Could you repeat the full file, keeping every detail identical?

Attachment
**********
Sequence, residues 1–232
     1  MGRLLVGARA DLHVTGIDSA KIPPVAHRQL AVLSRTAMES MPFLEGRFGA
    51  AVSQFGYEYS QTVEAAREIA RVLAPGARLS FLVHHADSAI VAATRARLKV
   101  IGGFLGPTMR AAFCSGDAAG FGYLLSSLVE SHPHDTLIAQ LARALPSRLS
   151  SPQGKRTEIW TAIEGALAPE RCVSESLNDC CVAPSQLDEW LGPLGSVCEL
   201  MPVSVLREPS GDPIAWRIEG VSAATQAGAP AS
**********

Sequence, residues 1–232
     1  MGRLLVGARA DLHVTGIDSA KIPPVAHRQL AVLSRTAMES MPFLEGRFGA
    51  AVSQFGYEYS QTVEAAREIA RVLAPGARLS FLVHHADSAI VAATRARLKV
   101  IGGFLGPTMR AAFCSGDAAG FGYLLSSLVE SHPHDTLIAQ LARALPSRLS
   151  SPQGKRTEIW TAIEGALAPE RCVSESLNDC CVAPSQLDEW LGPLGSVCEL
   201  MPVSVLREPS GDPIAWRIEG VSAATQAGAP AS